When pressed as to where the majority of their waste textiles are sourced from, Stacy highlighted the high quantities of waste that are found in the US; «today, consumers are still disposing of 80% but that volume has increased to around 17 million tons per year». Evrnu relies on garments with a high cotton quantity to produce NuCycl and cotton and polyester make up 90% of the global apparel market. For Evrnu, they are well placed to remove large quantities of waste from ending their life in landfill. There have been recent legislative changes which could encourage the shift to a more conscious disposal of waste textiles. New EU legislation will mandate the separation of textile waste from other waste streams by 2050 to accelerate the amount of textiles available to be collected; a source that technologies will be able to harness.
Using high-percentage cotton waste materials, the NuCycl technology uses re-polymerization to convert original fiber molecules (from recycled materials) into high performing renewable fibers allowing waste to be transformed into a valuable resource. In order to produce their fiber, Stacy describes how they rely on using 95% cotton materials that are sorted mechanically using infrared scanning technology and utilizing pre-existing paper pulping mills to make a pulp from cotton garment waste. Their focus is on training mills to use their technologies so as to ensure that innovation can be widely offered. The resulting engineered fiber allows for characteristics to be customized so as to engineer a fiber that is specific, and useful, to the customer.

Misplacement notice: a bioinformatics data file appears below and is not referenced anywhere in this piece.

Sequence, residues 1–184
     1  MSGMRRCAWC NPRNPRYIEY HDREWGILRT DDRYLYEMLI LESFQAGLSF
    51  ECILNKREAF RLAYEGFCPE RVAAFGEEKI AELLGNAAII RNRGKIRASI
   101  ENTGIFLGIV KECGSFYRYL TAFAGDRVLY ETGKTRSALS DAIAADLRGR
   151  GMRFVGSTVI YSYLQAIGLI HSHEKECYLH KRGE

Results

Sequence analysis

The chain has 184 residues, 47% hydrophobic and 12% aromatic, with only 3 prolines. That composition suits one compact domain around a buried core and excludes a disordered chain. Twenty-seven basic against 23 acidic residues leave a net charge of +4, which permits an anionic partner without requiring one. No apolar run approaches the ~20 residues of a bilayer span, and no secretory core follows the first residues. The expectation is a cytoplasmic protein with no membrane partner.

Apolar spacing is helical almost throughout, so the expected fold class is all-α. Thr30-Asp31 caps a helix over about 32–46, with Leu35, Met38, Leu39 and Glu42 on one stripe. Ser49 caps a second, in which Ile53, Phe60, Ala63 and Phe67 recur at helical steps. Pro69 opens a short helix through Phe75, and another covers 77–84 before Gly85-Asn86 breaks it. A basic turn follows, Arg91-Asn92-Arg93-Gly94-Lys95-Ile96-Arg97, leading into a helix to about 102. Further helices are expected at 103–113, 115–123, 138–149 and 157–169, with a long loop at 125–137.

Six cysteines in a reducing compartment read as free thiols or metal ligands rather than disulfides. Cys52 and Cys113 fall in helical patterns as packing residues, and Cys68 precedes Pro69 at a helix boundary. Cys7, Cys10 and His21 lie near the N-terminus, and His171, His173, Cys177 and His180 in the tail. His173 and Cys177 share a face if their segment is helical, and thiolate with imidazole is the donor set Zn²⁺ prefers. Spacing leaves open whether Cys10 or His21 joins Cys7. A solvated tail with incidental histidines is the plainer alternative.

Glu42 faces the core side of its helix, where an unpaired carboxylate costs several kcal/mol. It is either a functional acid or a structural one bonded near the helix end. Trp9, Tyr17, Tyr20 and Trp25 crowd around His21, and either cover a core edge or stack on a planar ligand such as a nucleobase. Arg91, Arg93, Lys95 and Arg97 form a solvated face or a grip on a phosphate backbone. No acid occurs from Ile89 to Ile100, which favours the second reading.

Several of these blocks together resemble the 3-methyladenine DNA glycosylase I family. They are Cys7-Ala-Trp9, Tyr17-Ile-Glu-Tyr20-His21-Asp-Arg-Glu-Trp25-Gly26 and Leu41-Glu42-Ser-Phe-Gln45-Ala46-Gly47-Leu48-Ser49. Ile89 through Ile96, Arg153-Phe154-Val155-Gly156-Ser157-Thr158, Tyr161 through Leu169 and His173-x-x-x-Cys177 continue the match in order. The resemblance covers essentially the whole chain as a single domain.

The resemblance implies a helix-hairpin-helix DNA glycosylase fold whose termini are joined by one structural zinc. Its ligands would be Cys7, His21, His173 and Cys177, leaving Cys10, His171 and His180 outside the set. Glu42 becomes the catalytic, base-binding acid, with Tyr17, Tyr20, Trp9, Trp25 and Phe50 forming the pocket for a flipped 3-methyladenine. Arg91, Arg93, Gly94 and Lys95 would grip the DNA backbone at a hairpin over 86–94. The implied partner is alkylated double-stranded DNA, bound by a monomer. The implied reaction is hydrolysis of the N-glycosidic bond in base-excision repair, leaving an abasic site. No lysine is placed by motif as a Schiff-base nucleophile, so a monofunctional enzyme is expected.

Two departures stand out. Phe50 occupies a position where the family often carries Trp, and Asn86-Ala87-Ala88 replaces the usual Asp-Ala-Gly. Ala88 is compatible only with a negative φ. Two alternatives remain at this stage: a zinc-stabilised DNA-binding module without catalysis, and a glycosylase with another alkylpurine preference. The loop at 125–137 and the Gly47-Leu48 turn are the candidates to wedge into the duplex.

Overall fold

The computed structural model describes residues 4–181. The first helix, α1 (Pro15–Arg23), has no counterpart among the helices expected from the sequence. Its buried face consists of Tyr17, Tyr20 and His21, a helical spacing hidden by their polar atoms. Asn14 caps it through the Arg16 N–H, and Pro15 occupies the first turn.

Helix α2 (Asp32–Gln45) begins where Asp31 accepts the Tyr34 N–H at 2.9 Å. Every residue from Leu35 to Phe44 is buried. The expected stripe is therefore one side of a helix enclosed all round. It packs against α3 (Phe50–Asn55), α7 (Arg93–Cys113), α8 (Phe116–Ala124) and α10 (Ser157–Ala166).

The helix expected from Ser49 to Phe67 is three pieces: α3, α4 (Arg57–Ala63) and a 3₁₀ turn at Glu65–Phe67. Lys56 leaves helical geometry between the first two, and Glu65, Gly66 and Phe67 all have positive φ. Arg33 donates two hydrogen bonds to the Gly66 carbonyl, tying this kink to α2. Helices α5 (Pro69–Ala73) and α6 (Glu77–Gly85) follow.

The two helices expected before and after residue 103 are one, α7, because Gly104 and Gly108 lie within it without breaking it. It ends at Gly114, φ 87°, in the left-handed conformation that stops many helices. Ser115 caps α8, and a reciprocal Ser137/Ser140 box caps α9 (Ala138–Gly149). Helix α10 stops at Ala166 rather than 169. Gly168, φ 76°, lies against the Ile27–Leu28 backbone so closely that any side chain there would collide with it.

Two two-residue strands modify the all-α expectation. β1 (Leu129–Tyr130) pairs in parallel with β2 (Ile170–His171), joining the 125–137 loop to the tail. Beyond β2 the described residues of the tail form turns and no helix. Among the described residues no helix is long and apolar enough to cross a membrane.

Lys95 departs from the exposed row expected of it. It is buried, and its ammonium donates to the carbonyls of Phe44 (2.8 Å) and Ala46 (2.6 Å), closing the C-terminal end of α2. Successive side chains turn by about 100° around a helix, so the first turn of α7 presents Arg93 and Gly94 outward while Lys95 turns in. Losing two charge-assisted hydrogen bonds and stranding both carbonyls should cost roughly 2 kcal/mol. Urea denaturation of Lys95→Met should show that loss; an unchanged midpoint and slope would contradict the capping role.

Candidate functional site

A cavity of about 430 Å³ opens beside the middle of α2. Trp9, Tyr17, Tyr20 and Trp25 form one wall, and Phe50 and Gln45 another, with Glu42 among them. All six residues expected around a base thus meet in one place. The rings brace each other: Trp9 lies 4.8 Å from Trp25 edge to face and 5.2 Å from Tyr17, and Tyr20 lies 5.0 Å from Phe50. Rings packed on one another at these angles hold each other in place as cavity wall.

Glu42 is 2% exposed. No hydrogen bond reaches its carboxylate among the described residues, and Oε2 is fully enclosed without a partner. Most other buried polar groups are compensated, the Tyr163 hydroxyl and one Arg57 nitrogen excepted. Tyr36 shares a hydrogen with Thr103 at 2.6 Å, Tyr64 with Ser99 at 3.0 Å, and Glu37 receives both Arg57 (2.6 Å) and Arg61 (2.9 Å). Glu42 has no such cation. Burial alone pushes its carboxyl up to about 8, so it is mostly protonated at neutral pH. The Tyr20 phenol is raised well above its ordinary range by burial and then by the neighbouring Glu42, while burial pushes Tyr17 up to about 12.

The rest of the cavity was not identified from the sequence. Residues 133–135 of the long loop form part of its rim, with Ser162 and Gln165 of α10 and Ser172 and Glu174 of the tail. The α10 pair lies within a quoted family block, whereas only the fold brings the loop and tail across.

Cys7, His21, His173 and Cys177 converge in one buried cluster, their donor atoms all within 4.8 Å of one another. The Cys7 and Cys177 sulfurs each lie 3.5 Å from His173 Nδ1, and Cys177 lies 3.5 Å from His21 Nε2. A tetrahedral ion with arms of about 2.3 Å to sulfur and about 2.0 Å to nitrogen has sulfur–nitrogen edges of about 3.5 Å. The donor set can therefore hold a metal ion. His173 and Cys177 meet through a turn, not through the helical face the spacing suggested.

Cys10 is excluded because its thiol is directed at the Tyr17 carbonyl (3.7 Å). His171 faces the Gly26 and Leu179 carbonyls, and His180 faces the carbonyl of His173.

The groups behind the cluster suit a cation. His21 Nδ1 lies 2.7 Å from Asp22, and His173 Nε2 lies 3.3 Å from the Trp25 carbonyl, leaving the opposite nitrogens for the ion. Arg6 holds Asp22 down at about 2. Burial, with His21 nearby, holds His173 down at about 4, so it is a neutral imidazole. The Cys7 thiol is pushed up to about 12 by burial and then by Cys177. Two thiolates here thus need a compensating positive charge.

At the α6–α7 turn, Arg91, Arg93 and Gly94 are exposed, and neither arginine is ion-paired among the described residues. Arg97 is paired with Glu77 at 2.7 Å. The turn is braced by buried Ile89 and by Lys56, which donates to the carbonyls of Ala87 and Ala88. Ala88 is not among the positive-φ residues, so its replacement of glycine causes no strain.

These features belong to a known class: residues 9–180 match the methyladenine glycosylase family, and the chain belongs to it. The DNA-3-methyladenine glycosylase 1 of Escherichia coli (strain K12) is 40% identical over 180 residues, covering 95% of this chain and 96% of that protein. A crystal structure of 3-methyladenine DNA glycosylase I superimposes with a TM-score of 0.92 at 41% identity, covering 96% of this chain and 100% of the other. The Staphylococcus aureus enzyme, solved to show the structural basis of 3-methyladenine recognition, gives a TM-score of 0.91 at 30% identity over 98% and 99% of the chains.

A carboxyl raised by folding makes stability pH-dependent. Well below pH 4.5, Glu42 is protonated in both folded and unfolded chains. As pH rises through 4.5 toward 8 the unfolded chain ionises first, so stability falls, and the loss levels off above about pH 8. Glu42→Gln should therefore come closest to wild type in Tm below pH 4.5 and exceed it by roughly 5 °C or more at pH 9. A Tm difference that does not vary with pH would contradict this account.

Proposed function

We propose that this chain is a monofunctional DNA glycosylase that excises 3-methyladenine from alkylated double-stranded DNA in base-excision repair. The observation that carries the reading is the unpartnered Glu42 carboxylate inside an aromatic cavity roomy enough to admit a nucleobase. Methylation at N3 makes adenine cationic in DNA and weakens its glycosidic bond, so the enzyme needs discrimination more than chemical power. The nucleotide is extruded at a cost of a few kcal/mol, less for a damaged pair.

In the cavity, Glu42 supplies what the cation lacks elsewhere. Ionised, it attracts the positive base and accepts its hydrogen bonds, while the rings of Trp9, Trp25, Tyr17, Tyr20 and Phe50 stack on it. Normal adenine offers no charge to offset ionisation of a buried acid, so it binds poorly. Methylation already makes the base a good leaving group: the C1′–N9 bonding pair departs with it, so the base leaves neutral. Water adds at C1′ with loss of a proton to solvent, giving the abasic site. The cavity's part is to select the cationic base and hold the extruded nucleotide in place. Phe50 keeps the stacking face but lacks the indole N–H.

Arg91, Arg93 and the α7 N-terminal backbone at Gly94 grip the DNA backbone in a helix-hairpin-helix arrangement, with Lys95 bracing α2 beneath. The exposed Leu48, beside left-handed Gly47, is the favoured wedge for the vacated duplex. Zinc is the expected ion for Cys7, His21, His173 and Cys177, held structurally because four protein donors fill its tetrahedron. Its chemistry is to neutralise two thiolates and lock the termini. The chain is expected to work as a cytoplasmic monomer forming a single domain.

«With a 95% cotton garment, minus trims and impurities we can end up with 90% pure cellulose. Using pure cotton directly from the field is less efficient in terms of yield as there is a high quantity of waste that is left in the field. Man-made cellulosic fibers use trees which enables a 30-35% yield of cellulose. only have 30 – 35% cellulose inside». The process itself is more efficient than using raw materials; it only requires approximately 1 ton of cotton waste to generate 1 ton of cellulosic pulp, compared with up to 3 tons of wood required for the same output.
During the early innovation stages, Stacy discovered that «90% of all the clothes are made from two fibers; polyester and cotton. Both of these require a tremendous amount of natural resources just to be created. Roughly 2.8 tons of water go into one t-shirt». The full life cycle for 1 kg of polyester is estimated to be responsible for the release of more than 30kg of carbon dioxide, and 20 kg associated with cotton. These were issues that Evrnu saw as needing to be overcome so NuCycl attempts to combat the main issues in turn. Producing NuCycl lowers the overall carbon footprint in comparison to producing fibers from virgin materials by diverting textiles from landfill. When clothes end their lives in landfill, they produce large quantities of methane; a more environmentally damaging greenhouse gas than CO2. Each step of production has been designed in a cyclical way so as to minimize water waste. Evrnu fibers reduce the impact; they use 98% less water than virgin cotton and can cut CO2 emissions by 90% compared to polyester production.